Continue along the sidewalk, keeping close to the LYNX track. A parking lot will appear on your left, then a new white-colored apartment tower with Indaco Italian Restaurant.

At Indaco, you can do a short out-and-back jaunt to see the Atherton Cotton Mill – source of most of the early development in what is now Southend.
At Indaco, you can do a short out-and-back jaunt to see the Atherton Cotton Mill – source of most of the early development in what is now Southend.

The Atherton Mill is a red brick building with a tall, square brick smokestack. See it, down the sidewalk that runs next to Indaco? OK, now walk down that sidewalk, then bear right along the LYNX track. Once you’ve admired the old mill, walk back the way you came, to Indaco.

Atherton Mill -- 2108 South Boulevard

Atherton Mill -- 2108 South Boulevard

D.A. Tompkins, engineer by training and promoter at heart, built dozens of Carolina cotton mills, including the 1891 Atherton out beyond what was then the edge of Charlotte. Tompkins launched the daily Charlotte Observer and published books to ballyhoo his vision of an urban, industrial “New South.”

Columbia, South Carolina, developer EDENS recently completed the big apartment and retail structures adjacent to the historic factory. Atherton Mill is an official Charlotte Mecklenburg Historic Landmark.

From D. A. Tompkins, History of Mecklenburg County, vol 1 (1903)
From D. A. Tompkins, History of Mecklenburg County, vol 1 (1903)

At Indaco, walk along the new upscale shops (Lulumon, etc.) to South Boulevard. Turn left on South Boulevard (inbound). (Parks-Cramer is now on your left)

At Tremont Avenue, use the traffic signal to cross busy South Boulevard. That will put you on South Boulevard’s right sidewalk, continuing in-bound.

Trolley’s End sign – 1933 South Boulevard

Dr. Dan Morrill of Charlotte Mecklenburg Historic Landmarks Commission got Charlotteans to love the city’s streetcar suburbs again. Landmark designation helped save dozens of 1900s-era buildings. And Dr. Dan located and restored the last streetcar ever to run in the city. Car 85 began operating again in 1996 on what became the LYNX track. Inspired, developer John Trotter built what is now the Tyber Creek Pub complex, naming it Trolley’s End.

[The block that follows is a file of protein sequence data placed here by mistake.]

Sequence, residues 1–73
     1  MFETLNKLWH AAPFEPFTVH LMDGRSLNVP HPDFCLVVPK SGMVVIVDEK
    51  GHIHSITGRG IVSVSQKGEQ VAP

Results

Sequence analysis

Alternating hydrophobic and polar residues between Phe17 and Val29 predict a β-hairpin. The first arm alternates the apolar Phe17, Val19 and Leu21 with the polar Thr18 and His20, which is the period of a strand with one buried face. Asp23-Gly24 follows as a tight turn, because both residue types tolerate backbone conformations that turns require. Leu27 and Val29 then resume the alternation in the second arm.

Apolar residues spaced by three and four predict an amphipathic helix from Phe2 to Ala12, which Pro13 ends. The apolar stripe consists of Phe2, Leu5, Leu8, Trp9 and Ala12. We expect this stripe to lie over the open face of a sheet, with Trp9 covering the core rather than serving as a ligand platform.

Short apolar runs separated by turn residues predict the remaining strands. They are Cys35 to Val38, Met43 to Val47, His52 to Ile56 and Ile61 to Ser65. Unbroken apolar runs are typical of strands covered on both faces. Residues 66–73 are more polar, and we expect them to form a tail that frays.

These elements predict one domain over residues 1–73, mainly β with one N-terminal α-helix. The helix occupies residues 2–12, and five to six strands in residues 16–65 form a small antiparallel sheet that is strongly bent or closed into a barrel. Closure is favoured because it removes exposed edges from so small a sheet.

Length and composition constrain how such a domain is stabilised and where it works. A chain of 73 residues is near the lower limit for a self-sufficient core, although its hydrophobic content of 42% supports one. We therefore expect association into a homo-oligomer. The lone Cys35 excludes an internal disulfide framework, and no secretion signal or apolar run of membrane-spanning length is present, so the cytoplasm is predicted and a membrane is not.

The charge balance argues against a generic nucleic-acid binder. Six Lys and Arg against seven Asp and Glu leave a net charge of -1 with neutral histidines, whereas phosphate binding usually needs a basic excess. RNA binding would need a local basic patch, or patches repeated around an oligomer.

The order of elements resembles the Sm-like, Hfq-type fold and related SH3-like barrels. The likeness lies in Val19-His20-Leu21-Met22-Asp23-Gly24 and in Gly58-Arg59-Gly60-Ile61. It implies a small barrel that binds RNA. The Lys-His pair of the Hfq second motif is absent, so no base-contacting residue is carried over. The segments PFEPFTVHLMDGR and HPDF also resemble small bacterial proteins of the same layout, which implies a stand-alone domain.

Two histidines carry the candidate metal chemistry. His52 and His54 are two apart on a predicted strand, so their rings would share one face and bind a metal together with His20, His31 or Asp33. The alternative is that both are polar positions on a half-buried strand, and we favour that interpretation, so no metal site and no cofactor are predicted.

Dr. Dan Morrill of Charlotte Mecklenburg Historic Landmarks Commission got Charlotteans to love the city’s streetcar suburbs again. Landmark designation helped save dozens of 1900s-era buildings. And Dr. Dan located and restored the last streetcar ever to run in the city. Car 85 began operating again in 1996 on what became the LYNX track. Inspired, developer John Trotter built what is now the Tyber Creek Pub complex, naming it Trolley’s End.

Leeper & Wyatt Store Building – 1923 South Boulevard

D.A. Tompkins constructed this grocery for his Atherton Mill village in 1903, renting it to storekeepers Hugh Leeper and Pleasant Wyatt. The Wyatt family operated it into the late 1950s, when new suburban supermarkets ended the era of neighborhood shopping.
D.A. Tompkins constructed this grocery for his Atherton Mill village in 1903, renting it to storekeepers Hugh Leeper and Pleasant Wyatt. The Wyatt family operated it into the late 1950s, when new suburban supermarkets ended the era of neighborhood shopping.

Leeper & Wyatt is an official Charlotte Mecklenburg Historic Landmark.

Tompkins Toolworks -- 1900 South Boulevard

Look across the street to see another D.A. Tompkins building. He had this foundry and machine works built beginning in 1902 to produce and repair specialized machinery for textile mills and cottonseed oil processing plants.
Look across the street to see another D.A. Tompkins building. He had this foundry and machine works built beginning in 1902 to produce and repair specialized machinery for textile mills and cottonseed oil processing plants.

Renovated for offices in 2000, Tompkins Toolworks is an official Charlotte Mecklenburg Historic Landmark.

H & H Automotive – 1909 South Boulevard

H & H Automotive

Whimsical car-parts sculptures are the signature of this establishment, little changed since the 1950s. Tony Honey started the garage in 1940, then moved to this spot with Peter Harakas in 1955.  

Billy Graham’s boyhood church – 1800 South Boulevard

Now Grace Covenant, this building was dedicated in 1910 as Chalmers Memorial, a church in the Associated Reform Presbyterian denomination. Its most famous member was young Billy Graham, whose family farmed near what is now Park Road Shopping Center.
Now Grace Covenant, this building was dedicated in 1910 as Chalmers Memorial, a church in the Associated Reform Presbyterian denomination. Its most famous member was young Billy Graham, whose family farmed near what is now Park Road Shopping Center.
Five-year-old Billy Graham

Five-year-old Billy Graham, second from left, graduates from the beginners department at Chalmers Memorial in 1924.  Courtesy of BillyGraham.org.

Turn right on East Boulevard and take the right-hand sidewalk.

Dilworth Historic District

Dilworth Historic District